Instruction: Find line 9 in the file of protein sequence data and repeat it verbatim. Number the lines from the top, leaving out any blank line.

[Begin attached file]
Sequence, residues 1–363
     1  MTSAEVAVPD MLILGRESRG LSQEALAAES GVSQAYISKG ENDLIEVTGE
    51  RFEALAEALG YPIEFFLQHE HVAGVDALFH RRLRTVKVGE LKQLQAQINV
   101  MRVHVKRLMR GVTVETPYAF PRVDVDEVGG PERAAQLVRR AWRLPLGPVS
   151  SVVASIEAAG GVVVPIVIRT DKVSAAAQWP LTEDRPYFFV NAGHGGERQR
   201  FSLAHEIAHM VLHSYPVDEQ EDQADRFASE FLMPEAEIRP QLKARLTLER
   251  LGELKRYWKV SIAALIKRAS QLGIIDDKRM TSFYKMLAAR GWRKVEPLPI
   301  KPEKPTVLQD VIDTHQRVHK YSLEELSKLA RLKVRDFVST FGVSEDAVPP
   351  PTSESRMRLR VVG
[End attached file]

   351  PTSESRMRLR VVG